As socio-economic pressure for development often makes it untenable to eliminate potentially polluting activities, a subdivision of recharge capture zones is required so that the most stringent land-use restrictions are applied only in areas closer to groundwater sources. A series of generally concentric land-surface zones around the groundwater source is thus defined, through knowledge of – and assumptions about – hydrogeological conditions and contaminant behaviour. These include the total source recharge capture area and the microbiological protection zone (usually the 50-day travel isochron).
The SPZ concept is a simple and powerful one, which is readily understood by land-use planners and others who need to make the often-difficult public decisions generated by groundwater protection policies. However, there are a number of hydrogeological situations where the concept encounters significant complications:
- When aquifers are subject to heavy seasonal pumping (usually for agricultural irrigation), as this produces complex unstable zones
- For aquifers whose long-term abstraction considerably exceeds their long-term recharge, with continuously falling groundwater levels and unstable zones
- Where ‘losing’ surface watercourses occur within the capture zone, through which potentially polluting activity in the upstream catchment could affect groundwater quality
- The presence of multilayered aquifers, where vertical hydraulic gradients may develop, inducing leakage between aquifer units.
The SPZ concept is equally valid in all environments, but significant problems often occur in defining and implementing them in the urban environment. This is because of the complexity of aquifer recharge processes in urban areas, the frequently large number of wells for various uses, and the fact that the defined SPZs will often already be occupied by industrial and/or residential development. Nevertheless, the delineated zones will serve to prioritise groundwater pollution hazard assessments and quality monitoring, the inspection of industrial premises, and groundwater pollution mitigation measures, such as changes in industrial effluent handling or chemical storage, and the introduction of mains sewer coverage in areas that are highly vulnerable to aquifer pollution.
There are a number of steps in the process of delineating an SPZ. The most important is data acquisition, as information is required not only on aquifer properties, but also on well construction, the operational regime for the source, groundwater levels, recharge processes and rates, and aquifer interaction with surface watercourses. When the primary data have been compiled, they should be synthesised into a conceptual model to provide a clear statement of the groundwater setting. An integrated GIS is a useful means of organising the data, offering visualisation to check for inconsistencies.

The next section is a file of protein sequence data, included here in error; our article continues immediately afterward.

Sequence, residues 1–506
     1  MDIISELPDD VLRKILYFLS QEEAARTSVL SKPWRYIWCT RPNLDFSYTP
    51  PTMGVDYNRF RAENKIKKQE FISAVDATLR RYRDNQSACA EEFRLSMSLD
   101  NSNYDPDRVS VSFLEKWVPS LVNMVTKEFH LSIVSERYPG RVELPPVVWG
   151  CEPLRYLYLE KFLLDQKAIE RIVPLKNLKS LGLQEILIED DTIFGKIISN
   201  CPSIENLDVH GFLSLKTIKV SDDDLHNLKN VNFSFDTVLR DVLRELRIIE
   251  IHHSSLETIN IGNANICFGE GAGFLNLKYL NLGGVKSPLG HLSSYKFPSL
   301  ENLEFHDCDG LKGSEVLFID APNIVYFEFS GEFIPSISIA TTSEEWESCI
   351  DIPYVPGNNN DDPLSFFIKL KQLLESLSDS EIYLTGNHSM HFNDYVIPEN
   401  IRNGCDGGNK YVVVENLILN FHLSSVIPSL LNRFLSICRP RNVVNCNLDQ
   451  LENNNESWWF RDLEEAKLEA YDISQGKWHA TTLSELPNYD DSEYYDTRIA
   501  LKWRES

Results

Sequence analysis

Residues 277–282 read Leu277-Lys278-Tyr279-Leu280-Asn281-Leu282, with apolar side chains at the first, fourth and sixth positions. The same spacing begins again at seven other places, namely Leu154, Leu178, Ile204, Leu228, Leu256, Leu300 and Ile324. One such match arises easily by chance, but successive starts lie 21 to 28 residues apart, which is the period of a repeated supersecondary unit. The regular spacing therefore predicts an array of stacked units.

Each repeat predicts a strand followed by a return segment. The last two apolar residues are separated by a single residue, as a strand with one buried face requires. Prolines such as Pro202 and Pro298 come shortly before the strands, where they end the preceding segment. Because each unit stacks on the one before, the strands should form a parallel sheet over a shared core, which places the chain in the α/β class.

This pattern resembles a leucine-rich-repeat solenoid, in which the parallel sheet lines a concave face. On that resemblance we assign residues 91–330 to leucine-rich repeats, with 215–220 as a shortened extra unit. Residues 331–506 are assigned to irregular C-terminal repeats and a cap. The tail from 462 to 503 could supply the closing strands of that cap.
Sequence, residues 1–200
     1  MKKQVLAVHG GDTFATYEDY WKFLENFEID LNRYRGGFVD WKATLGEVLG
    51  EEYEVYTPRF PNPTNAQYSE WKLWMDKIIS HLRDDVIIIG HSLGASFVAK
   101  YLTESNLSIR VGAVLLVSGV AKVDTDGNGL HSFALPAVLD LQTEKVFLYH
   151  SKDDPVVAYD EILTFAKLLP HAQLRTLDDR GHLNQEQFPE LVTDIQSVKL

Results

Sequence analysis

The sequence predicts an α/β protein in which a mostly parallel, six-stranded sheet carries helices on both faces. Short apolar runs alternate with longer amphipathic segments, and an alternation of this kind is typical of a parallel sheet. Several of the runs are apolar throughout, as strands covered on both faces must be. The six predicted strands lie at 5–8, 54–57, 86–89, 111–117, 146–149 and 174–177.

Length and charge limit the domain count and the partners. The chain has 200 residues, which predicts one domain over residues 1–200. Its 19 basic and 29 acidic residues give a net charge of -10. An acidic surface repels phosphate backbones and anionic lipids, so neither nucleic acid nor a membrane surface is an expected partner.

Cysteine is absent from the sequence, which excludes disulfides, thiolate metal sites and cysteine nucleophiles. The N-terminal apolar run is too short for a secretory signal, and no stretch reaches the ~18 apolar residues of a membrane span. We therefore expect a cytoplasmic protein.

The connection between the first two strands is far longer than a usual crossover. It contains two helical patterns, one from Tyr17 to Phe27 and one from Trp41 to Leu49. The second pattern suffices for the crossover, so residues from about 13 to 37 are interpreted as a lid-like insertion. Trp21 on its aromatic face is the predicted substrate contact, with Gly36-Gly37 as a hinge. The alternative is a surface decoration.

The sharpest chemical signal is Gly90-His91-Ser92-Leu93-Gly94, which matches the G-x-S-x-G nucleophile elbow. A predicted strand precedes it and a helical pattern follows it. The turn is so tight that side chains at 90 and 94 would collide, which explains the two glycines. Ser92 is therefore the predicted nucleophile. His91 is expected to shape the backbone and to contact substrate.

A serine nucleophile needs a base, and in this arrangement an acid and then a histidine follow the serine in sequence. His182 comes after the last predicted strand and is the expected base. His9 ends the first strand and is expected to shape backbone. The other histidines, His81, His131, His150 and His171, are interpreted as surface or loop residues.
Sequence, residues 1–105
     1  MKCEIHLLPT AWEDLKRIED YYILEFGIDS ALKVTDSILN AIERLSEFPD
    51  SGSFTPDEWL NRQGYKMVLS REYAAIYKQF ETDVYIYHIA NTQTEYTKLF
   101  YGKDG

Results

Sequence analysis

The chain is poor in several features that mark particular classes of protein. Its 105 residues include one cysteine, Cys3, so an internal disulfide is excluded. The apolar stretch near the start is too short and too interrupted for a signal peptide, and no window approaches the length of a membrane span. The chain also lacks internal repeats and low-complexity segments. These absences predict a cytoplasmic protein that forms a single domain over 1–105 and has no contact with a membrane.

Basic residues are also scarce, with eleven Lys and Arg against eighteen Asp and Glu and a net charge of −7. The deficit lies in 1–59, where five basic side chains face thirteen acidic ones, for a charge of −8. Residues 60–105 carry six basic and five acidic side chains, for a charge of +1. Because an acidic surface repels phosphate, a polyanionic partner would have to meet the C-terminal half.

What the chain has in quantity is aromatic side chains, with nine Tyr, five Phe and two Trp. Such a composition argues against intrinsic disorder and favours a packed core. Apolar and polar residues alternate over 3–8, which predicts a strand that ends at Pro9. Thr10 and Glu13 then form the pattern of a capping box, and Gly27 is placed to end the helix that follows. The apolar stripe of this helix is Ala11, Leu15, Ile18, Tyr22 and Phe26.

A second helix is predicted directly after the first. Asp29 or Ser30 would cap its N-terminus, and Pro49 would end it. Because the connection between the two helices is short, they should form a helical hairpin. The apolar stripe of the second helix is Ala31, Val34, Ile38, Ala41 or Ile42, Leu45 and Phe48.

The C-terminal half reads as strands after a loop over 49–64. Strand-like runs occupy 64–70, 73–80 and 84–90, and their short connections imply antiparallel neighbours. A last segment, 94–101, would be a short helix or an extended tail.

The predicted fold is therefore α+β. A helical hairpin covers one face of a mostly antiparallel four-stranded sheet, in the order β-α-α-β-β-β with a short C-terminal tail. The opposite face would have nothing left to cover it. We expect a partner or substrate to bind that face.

The SPZ can be delineated subsequently, using a variety of methods ranging from simple analytical tools to numerical aquifer modelling. One of the most common simplifications involved is to render complex 3D systems to simplified 2D models.
Use of numerical models to address uncertainty
Numerical aquifer modelling is recommended where reasonable hydrogeological data are available, and conditions cannot be readily simplified for use of analytical codes. Where possible, numerical aquifer models with a ‘particle-tracking routine’ – with small time steps tracking the movement of groundwater toward a source – are preferred.
Models have to be calibrated by comparing their outputs to observed aquifer head conditions. The most rigorous approach to sensitivity analysis is to use a Monte Carlo (statistical-based) approach to define the maximum protection perimeter, which is the envelope of all credible zones (Figure 3). In general terms, the definition of an SPZ becomes less reliable as the groundwater travel time increases, with the 50-day flow time usually showing little variation between different delineation methods. All combinations that achieve acceptable hydraulic head distributions are used to compile an envelope for each protection area to define a zone of confidence, defined by the overlap of all plausible combinations, and a zone of uncertainty, defined by the outer envelope of plausible combinations.
The output from the delineation process has to be translated into final source protection zone maps (at scales of 1:25,000 or 50,000), which can be superimposed on aquifer vulnerability maps for the purpose of well pollution hazard assessment.
Natural groundwater quality hazards
Trace elements make up only about 1% of the naturally occurring dissolved constituents in groundwater, but they can sometimes make it unfit or unacceptable for consumption. The reaction of rainwater in the soil/rock profile during infiltration and percolation gives groundwater its essential mineral composition, as it takes up carbon dioxide, and the resultant weak acid dissolves soluble minerals.